5 things employers should know about private health exchanges

Online shopping is all the rage. From Amazon to Overstock, there is something for everyone. Fortunately, health care insurance is coming of age with new online options as well. Gaining popularity are the private health insurance exchanges – not to be confused with the public exchanges that the federal government established as a health insurance marketplace. Built originally for retirees only, private exchange models were made available for active employee workforces in 2012 and continue to gain momentum. While not entirely new in concept, these exchanges are experiencing significant enhancements.

Private exchanges bring many of the same principles of online shopping to the selection of employer-sponsored benefits. These platforms are intended to be user-friendly and convenient – allowing employers to easily select benefit plans, manage enrollment, anticipate expenditures and customize contribution strategies.  Many private exchanges offer a defined contribution strategy, an approach that is highly recommended by health insurance experts. It allows employers to commit a flat-dollar amount toward each employee for coverage. The employee can then use this amount toward the purchase of benefits that best suit their individual needs – an added incentive that can naturally attract and retain quality personnel. Everyone wins.

According to The Institute for HealthCare Consumerism, most employers are open to using private exchanges. Last year, the Society for Human Resource Management (SHRM) surveyed more than 1,400 human resource professionals. Only 36 percent were even aware of any existing private exchange within their market. With this in mind, it’s only natural that most employers are not likely to fully understand what a private exchange is and how they can benefit from one.

So what should a well-informed company look for when considering a private exchange?

  1. Simplicity. A good private exchange will take the complexity out of designing and administering an employee benefits program, making it a seamless process for both human resource administrators and employees. Employers should expect a private exchange platform to offer start-to-finish enrollment support that helps employees understand their complete health care options – minimizing a human resource administrator’s workload and helping members become more engaged in their health care choices.
  2. Choice. Ideally, employers will be able to build their own plan package from a comprehensive portfolio of PPOs, High Deductible Health Plans as well as HMOs and EPOs. When comparing these plans side-by-side, employees can filter them by network, deductible and premium to find a plan that fits their unique needs. Employees will see exactly how much their employer will contribute and what their out-of-pocket maximums will be.
  3. Cost transparency. You should expect access to specially trained customer service advocates who provide members assistance in understanding benefits, scheduling doctor visits, and finding in-network doctors. My company, Blue Cross and Blue Shield of Texas (a division of Health Care Service Corporation), conducted a study and found that members who acted on the recommendations of our live health care experts saw an average savings of approximately $2,000 per claim. Fortunately, transparency isn’t limited to phone conversations. Online tools are also available, adding another convenient channel for employees to access cost and quality information. This opens the door to a more informed workforce, making health care decisions that can minimize expenses and result in better care.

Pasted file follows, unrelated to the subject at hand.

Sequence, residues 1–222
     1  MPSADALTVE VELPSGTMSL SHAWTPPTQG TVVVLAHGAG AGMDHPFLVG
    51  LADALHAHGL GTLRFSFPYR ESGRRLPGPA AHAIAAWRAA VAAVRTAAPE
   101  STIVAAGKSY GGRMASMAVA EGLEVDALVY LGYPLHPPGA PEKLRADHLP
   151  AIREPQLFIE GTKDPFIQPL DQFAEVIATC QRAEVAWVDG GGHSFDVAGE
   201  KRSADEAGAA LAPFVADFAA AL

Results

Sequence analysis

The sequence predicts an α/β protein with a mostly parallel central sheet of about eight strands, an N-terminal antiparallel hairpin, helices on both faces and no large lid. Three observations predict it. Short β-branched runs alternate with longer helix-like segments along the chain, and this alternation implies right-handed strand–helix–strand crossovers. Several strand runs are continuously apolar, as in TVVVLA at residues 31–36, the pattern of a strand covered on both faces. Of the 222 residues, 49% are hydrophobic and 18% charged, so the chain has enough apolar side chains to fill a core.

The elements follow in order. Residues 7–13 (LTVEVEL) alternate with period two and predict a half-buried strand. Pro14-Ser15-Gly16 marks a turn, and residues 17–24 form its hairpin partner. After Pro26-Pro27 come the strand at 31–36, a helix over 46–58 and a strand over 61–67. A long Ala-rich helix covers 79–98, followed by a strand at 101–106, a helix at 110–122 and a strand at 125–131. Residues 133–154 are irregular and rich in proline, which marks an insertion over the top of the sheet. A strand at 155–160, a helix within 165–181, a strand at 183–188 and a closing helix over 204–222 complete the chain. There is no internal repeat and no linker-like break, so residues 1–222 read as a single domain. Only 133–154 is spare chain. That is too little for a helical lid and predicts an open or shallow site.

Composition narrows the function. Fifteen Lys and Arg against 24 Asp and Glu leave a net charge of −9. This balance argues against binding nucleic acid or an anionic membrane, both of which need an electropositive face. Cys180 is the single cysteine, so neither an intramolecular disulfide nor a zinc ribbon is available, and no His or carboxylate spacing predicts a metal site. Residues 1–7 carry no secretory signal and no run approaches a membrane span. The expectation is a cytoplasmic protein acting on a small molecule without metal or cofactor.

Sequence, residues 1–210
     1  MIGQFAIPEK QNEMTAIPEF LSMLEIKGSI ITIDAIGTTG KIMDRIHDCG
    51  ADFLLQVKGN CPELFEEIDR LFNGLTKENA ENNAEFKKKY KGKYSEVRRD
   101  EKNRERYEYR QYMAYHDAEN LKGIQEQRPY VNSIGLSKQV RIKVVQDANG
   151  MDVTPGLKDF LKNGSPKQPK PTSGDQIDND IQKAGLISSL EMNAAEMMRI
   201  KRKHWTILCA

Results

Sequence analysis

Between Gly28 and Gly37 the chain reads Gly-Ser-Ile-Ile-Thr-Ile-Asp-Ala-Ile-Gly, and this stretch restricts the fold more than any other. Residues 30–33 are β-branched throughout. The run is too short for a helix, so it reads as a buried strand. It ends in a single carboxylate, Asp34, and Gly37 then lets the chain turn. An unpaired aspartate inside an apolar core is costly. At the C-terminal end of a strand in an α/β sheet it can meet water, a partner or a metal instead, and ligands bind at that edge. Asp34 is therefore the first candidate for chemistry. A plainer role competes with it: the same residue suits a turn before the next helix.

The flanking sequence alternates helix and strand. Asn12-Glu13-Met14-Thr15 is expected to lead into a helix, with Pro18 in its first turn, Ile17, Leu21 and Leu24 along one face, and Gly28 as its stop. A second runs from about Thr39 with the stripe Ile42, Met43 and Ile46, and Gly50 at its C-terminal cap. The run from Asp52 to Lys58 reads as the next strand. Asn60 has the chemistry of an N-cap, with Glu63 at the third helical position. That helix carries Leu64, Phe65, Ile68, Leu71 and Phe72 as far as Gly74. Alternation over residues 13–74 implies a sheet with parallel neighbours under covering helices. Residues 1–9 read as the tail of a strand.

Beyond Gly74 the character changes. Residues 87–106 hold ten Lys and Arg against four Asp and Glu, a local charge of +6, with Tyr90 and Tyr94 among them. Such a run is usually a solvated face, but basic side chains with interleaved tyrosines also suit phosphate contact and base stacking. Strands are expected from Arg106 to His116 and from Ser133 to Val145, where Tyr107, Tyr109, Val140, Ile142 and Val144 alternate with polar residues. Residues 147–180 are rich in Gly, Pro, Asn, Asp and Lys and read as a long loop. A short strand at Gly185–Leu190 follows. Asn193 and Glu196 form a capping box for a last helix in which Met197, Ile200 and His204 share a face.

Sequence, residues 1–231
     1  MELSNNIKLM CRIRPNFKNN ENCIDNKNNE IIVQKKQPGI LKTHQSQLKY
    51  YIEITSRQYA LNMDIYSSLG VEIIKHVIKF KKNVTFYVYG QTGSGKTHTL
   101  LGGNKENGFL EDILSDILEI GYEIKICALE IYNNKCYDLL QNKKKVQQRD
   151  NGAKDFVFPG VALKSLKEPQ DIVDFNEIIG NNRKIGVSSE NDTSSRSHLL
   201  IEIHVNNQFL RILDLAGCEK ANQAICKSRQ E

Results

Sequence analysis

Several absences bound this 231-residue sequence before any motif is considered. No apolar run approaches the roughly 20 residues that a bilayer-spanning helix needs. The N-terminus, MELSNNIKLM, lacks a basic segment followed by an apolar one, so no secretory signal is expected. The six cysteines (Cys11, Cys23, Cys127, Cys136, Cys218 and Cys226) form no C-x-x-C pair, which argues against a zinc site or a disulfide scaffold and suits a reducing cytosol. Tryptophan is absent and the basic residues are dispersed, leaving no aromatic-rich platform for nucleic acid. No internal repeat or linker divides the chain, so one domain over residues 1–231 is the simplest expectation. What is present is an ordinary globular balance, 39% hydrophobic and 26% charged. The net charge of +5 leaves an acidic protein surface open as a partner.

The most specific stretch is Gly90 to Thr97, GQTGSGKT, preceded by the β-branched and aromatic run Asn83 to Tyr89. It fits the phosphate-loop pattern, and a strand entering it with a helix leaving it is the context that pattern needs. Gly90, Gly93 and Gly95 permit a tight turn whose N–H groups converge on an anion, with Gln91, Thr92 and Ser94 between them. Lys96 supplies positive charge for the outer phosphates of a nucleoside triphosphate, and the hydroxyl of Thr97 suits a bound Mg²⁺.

4. Health care management. Your employees need help managing their complex medical conditions. Make sure your private exchange incorporates offerings that include health care management tools and clinical resources that will help your employees better understand and manage their unique health care needs.
  5. Enrollment support. If your private exchange does not offer a help center providing multi-language support for your employees, then you are missing out. As the employer, it's also important to understand who is staffing your exchange's help center. Support from licensed agents is a bonus, especially if they are non-commissioned agents, leaving little room for bias or conflicting interests. Online custom profiles can also help ensure an employee’s individual information is used to determine the plan that best suits their needs.

The items above align with SHRM’s findings that employers have specific priorities when considering a private exchange – finances, administration and employee experience. But like most online shopping, there are some considerations. When you are weighing the pros and cons, don’t forget to compare the fees associated with each private exchange. It’s also important to keep in mind that plan options can be confusing for your employees, so you need to have a clear understanding of your workforce. Computer literacy levels vary, and some employees may need extra support – making item #5 especially crucial.

At Blue Cross and Blue Shield of Texas, we are striving to lead the way with our Blue Directions private exchange for large employers. In addition to health benefits, employers can also provide members with specialty lines of coverage for dental, vision, life, short and long-term disability, critical illness, accident and hospital indemnity.

But don’t take my word for it. Research your options and visit Blue Directions for yourself at bcbstx.com/blue-directions.

Bert Marshall, Blue Cross and Blue Shield of Texas

Bert Marshall is president of Blue Cross and Blue Shield of Texas, a division of Health Care Service Corporation, a Mutual Legal Reserve Company, an Independent Licensee of the Blue Cross and Blue Shield Association.